A litmus test for needing unique location pages: If you can create a Google Business Profile for various services at each location. That would be a good indicator that they might be better optimized by creating location and services pages for them.
How do I track the performance of location pages?
There are a few great vendors that can help you build pages and track the performance of your locator page strategy. Some of the top location page providers are:
If you are doing the leg work yourself then be sure to tag all the pages with analytics. If you are linking from a Google Business Profile (GBP) page you need to create a link with a tracking parameter on it.
For Example: ?GBP=locationname
Next, you want to set up a segment in your analytics to track the traffic to that URL and parameter. From there, you can see what kind of traffic those pages are driving. Be sure to canonicalize the URL with the tracking parameter to the non-parametered version so you don’t create a duplicate URL.
You can also get some of this data from Google Search Console in the search results section. This will be another place you can keep track of performance. However, it doesn’t reliably show there. Sometimes the parameterized URLs show up as organic results (not in the local pack) and if you see this then Google is likely ignoring your canonical. You’ll need to follow up with a way to fix it.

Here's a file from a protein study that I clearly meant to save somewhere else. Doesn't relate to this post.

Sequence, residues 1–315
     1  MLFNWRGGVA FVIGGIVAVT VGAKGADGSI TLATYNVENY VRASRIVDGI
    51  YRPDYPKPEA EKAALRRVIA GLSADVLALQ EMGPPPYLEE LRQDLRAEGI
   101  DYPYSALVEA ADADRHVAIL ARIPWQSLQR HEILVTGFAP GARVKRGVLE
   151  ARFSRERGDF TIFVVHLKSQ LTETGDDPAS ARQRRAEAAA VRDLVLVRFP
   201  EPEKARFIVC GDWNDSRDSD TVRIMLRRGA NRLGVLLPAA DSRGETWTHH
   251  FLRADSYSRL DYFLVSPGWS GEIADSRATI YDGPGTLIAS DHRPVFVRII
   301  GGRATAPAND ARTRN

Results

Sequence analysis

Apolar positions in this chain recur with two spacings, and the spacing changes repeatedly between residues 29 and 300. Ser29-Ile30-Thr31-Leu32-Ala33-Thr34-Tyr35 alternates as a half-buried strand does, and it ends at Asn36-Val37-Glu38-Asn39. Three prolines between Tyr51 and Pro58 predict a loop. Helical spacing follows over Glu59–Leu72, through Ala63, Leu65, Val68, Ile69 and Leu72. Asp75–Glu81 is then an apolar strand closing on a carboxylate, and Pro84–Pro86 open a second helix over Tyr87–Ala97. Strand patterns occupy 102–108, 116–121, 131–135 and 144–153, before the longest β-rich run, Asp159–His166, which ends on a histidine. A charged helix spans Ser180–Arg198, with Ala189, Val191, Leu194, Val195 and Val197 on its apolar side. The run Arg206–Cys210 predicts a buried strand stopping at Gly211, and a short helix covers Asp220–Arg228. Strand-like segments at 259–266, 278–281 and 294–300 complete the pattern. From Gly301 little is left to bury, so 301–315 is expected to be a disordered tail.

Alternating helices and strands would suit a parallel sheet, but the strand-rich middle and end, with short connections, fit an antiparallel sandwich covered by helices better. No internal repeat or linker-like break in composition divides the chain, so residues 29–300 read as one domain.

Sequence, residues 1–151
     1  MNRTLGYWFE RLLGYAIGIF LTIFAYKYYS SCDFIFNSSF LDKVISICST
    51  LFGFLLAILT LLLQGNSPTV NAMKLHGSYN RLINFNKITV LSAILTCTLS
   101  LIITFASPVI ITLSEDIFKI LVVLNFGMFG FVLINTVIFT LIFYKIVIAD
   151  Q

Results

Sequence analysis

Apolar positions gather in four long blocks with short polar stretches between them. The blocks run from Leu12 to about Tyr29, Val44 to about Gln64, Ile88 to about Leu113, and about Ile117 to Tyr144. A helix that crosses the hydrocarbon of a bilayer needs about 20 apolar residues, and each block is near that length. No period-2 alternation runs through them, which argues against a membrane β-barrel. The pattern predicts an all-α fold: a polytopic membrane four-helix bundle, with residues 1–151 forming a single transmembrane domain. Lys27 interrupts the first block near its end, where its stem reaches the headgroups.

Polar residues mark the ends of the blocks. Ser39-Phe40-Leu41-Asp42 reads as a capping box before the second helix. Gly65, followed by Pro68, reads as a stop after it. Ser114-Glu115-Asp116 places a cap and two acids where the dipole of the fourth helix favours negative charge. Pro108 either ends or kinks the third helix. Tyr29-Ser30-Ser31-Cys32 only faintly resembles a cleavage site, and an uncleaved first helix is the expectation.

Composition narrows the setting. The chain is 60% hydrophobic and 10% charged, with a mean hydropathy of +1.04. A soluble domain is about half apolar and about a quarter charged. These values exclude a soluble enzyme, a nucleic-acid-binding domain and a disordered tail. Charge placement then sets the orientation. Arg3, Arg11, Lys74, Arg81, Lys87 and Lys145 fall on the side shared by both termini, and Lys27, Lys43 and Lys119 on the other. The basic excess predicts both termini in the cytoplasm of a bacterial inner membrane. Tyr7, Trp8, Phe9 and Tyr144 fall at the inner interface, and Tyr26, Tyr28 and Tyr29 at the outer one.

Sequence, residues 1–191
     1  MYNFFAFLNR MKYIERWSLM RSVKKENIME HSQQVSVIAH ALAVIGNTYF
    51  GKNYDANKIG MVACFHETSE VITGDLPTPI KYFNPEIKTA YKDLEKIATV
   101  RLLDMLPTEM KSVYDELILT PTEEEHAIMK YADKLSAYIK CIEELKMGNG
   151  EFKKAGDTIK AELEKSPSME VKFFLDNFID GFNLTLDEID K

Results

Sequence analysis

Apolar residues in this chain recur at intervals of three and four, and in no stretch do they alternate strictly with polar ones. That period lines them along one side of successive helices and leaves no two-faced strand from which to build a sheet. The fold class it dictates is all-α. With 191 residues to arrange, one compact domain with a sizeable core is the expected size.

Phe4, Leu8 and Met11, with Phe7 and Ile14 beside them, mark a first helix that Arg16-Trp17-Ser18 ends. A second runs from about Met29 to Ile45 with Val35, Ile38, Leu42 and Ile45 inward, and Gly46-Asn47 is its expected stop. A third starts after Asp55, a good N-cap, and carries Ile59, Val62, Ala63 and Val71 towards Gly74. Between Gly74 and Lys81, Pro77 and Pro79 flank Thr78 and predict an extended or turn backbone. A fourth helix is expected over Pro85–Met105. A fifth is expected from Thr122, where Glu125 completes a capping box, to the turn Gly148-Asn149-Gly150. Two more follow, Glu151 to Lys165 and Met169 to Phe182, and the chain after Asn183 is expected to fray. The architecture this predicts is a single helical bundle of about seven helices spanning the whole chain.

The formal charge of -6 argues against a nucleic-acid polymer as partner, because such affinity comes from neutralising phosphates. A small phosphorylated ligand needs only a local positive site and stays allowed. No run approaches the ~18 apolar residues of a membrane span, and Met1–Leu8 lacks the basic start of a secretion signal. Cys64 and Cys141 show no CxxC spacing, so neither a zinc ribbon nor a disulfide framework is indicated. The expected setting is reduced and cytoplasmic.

A good strategy is going to be key in making sure your customers can find you and your products effectively both on your website and through search engines.If you are interested in updating your store locator and webpage architecture to capture more traffic and refine your SEO strategy–you can reach out to us here. Local SEO guide has experience successfully implementing and building strategies for new locators and developing webpage architecture that allows businesses to maximize search opportunities as they scale and add new locations.